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  1. #26
    Senior Member bruce19's Avatar
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    I am comfortable with my approach to the NASHBAR (et.al.) vs LBS question. I buy locally unless for some reason I need something asap and can't afford LBS prices. I do this because my LBS is there for me in so many ways and I don't want them to go away. I won't list the reasons because I'm sure most of us already know what they are. And in addition to all the usual reasons my primary LBS sponsors the local club I ride with and the annual 25-50-100 mile ride (s) event we have to raise money for a local food bank. Now that I think of it, I'm VERY comfortable with my choice.

  2. #27
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    The subject of where to buy is not new. Nor, will it go away. After all we are talking about people's livelihood in the competitive market place. Whether to buy local or not and how much of a premium, if any, to give "local" businesses is often a hot topic in local government. It used to be very common to give "local" businesses a price subsidy when bidding on government contracts. When bidding on a government contract the local business would be considered the Low Bidder as long as their bid came within a certain percent of the actual low bid.

    As transportation and communication improved these preferences became increasingly difficult to administer. Is a branch of a regional or national business "local". Just what does the "local" business add to the item bought that justifies the additional cost? Just what is "local"? Is it the store just down the road, in the next town, in the metro area? Is it fair to take money from all citizens/taxpayers and give it to a single business?

    Our personal decisions are much the same. Is if fair to take money from our family to subsidize a business? I think not.

  3. #28
    Elite Rider Hermes's Avatar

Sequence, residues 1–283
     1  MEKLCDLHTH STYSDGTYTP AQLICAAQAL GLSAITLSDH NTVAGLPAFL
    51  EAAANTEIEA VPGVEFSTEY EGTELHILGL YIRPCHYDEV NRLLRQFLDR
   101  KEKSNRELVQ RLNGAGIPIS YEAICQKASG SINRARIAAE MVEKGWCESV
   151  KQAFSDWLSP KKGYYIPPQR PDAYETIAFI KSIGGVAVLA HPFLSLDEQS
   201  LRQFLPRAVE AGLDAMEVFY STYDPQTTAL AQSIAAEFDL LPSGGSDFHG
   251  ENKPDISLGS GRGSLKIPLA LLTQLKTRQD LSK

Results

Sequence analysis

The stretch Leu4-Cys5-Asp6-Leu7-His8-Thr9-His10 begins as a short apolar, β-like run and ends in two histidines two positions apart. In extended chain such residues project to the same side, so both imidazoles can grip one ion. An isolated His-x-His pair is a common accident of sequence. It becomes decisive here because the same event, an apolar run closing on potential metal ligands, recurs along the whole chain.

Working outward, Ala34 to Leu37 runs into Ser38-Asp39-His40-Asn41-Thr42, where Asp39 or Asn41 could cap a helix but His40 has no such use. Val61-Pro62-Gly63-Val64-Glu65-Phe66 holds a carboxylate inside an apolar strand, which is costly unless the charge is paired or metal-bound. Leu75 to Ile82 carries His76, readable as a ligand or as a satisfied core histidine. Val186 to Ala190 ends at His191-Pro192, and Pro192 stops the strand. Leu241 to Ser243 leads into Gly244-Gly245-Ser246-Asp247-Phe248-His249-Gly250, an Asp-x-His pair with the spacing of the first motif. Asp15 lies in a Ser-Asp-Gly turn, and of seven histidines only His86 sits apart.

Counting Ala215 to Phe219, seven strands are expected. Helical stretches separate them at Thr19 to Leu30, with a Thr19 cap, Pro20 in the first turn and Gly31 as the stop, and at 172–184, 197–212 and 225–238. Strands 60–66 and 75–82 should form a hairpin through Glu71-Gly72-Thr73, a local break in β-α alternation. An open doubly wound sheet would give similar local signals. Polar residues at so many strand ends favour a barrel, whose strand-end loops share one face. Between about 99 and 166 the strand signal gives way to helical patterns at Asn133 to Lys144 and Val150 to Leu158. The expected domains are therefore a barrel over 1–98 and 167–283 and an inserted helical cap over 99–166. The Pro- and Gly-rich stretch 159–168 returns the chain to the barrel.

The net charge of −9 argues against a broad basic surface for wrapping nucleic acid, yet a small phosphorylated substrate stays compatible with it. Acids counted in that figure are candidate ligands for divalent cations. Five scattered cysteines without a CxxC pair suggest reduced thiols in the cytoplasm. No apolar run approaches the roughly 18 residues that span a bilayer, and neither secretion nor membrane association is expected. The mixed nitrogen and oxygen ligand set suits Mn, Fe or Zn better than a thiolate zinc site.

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    When we (note more than one) decide to make a cycling purchase or other, the budget is set. The questions of how much additional expertise is required and where do we get the most VALUE are then considered. Fairness is not relevant. It is not fair to spend joint money without joint approval but that is a totally different question.

    However, for many, a lower price means that the target budget is met. The higher value local store at a higher price may not work. One assumes that the budget takes into account current and long term cash requirements.
    "Insanity: doing the same thing over and over again and expecting different results." Einstein

  4. #29
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    My responsibility as a customer is to be honest and fair in my expectations and behavior. I expect honesty and fairenss from any business, large or small. I have no responsibility to buy from any particular business. In a free market economy I am at liberty to buy from whomever I choose. My choice is dependent on quality, service, convenience, price, and the integrity of the seller.
    Trek 2300
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  5. #30
    Senior Member NOS88's Avatar
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    Just to be clear here. When we use the term “local” business, I think we need to come to some agreement as to what constitutes such an entity. I propose the following:
    1. It is a business that is held privately and not publically traded.
    2. It is a business whose owner’s have a controlling interest and live in the region of the state, county, country, or territory in which the business exists.
    3. It has no corporate headquarters outside of the above mentioned region.
    4. It is one whose owners’ have full autonomy in the purchasing, operation, distribution, marketing and business branding.
    5. It is one that pays for its own rent, marketing, business operations, etc. without outside assistance from or payment to a corporate headquarters.